Making games is hard. Making games that make money is exponentially more difficult, but even that doomed opportunity isn't possible without first overcoming the initial problem -- making games is hard.

We've tracked the emotional and economic expense of making a game without a publisher, devoted backers or rich family members, and the personal sacrifice involved in devoting oneself to a passion of game creation is now in the glaring public light. Engineous Games wants to take some of the pain out of programming with its new app, Sketch Nation Studio, set to debut at the end of March for iOS devices, Engineous founder Nitzan Wilnai told Joystiq at GDC.

Studio is the follow-up to Sketch Nation Shooter, an app released in 2011 that allows users to draw their own creations and put them into a game instantly. Shooter sold 800,000 copies at $0.99 a pop, saw 100,000 games created and 10,000 available for sharing across the network. Studio takes the premise of Shooter one step further, and allows users to have their games published through Engineous on the App Store with a tap of a button.

Engineous will publish each applicable title for $0.99, and after Apple takes its standard 30 percent, Engineous and the Studio developer will split profits 50-50, each seeing $0.35 of every sale. Sell 1,000 copies and get $350; sell 10,000 and get $3,500. That's not a bad reward for simply playing a game, but it gets better -- Sketch Nation Studio is free.

Engineous plans to make money from Studio solely by publishing games created with its interface and engine, meaning it wants to put as many quality titles on the App Store as possible. That doesn't mean every game featuring a giant penis shooting lasers will make the cut. Actually, no games with penis mechanics will be published, Wilnai said, even though those particular titles make up 30 percent of the rejection rate at Engineous.

Some might argue that the complexity of game development is a good thing for this very reason; that without a barrier to entry, the market would be flooded with titles from every schmuck with a keyboard and five minutes. Some might argue that it's already happening.

The team at Engineous doesn't want to add to this argument, and will take the time to play every single game that is submitted for potential publishing on the App Store, first to make sure it won't be rejected by Apple and second because they don't want their name associated with "crap" games, Wilnai said.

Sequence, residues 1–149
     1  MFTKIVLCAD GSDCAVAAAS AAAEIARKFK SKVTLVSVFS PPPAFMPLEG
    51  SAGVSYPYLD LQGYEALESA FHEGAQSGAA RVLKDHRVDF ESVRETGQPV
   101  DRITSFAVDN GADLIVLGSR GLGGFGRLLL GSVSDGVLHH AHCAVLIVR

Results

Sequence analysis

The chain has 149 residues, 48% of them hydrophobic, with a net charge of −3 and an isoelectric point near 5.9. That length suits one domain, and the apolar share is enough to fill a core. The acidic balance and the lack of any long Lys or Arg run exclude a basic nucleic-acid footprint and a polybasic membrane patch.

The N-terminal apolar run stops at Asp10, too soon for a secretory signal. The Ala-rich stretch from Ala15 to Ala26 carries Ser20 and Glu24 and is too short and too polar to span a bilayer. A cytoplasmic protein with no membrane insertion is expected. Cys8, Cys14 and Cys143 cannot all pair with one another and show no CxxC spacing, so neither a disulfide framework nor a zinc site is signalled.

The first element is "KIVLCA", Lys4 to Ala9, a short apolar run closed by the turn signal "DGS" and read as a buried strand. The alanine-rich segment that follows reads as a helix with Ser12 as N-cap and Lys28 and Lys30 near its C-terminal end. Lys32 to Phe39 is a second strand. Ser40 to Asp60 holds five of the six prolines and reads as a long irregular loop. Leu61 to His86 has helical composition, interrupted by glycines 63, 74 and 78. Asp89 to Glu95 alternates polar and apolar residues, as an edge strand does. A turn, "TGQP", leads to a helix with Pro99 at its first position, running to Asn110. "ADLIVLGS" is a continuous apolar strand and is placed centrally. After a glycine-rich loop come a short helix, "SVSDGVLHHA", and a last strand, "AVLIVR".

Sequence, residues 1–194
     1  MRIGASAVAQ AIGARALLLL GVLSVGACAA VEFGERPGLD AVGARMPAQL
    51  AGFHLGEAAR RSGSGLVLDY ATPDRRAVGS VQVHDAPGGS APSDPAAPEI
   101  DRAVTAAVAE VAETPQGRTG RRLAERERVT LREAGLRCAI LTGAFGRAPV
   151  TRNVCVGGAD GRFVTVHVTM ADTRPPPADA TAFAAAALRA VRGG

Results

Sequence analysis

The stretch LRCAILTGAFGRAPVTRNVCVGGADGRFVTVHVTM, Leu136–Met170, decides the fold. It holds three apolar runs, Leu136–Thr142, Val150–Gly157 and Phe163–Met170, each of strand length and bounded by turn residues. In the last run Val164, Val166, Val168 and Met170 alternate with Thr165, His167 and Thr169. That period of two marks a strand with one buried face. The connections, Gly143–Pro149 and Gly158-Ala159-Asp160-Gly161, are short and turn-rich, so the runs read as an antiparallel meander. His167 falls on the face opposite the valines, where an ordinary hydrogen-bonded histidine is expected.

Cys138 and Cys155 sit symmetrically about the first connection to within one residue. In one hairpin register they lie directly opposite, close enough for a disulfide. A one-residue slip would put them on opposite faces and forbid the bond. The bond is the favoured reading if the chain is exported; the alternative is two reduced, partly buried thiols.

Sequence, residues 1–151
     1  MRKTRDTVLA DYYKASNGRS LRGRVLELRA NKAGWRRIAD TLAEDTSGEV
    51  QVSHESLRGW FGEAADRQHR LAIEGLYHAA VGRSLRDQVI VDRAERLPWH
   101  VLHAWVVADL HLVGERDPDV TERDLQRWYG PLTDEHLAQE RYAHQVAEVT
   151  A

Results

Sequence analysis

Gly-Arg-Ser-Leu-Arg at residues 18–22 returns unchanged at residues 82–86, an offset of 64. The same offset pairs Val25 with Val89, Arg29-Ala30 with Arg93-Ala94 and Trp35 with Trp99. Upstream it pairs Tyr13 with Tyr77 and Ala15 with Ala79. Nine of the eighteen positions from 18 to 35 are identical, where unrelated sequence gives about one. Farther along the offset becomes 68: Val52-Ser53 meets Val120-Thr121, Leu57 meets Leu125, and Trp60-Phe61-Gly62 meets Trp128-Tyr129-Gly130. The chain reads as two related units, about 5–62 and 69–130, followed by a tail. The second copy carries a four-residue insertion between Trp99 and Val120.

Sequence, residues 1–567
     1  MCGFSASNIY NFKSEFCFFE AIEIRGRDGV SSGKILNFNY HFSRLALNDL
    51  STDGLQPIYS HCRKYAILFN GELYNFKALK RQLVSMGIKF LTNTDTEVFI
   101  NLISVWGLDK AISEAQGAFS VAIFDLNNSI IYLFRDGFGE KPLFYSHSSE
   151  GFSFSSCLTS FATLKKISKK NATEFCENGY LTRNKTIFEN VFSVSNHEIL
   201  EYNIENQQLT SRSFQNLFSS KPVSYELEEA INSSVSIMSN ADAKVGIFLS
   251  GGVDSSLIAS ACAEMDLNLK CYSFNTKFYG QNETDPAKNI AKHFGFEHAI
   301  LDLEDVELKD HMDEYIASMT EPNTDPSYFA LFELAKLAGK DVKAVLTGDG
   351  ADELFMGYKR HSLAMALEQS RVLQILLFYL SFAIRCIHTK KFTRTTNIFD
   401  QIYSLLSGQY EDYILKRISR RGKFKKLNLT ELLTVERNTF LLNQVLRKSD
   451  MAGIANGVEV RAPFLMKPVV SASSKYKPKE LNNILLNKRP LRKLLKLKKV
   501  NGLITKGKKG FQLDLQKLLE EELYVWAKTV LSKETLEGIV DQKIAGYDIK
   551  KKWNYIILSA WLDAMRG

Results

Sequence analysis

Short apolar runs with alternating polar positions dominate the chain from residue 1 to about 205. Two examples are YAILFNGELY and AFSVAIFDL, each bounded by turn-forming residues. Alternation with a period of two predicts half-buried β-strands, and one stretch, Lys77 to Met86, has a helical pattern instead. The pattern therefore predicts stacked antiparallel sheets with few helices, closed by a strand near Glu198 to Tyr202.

Just because the tools are there doesn't mean every game will be gold -- anyone can paint, but only a few are allowed to call their paintings "art" (without being snickered at behind their backs, at least). With
Studio, anyone can create a game, but not everyone will have a published title.

That said, Apple adds 600 new apps to its lineup every day, and Engineous needs to make money by publishing user-generated games in this environment, so it plans to get a lot of new developers on the market.

Engineous has published three Studio titles on the App Store as a test run: Spooky Jump, Turkey Run and Draakon. Spooky Jump has been downloaded 20,000 times, and Turkey Run and Draakon 15,000 times each -- that would be $7,000 and $5,250 times two for both the developers and Engineous under the Studio model.

Studio also offers a way for kids younger than 13, Apple's age restriction on App Store use, to publish their own games, potentially breeding a generation of toddlers with more development experience than university game-design majors and a widespread influx of Yo Gabba Gabba titles. This is all perfectly legal, Wilnai said, although we think the toddler image is slightly terrifying.

This article was originally published on Joystiq.

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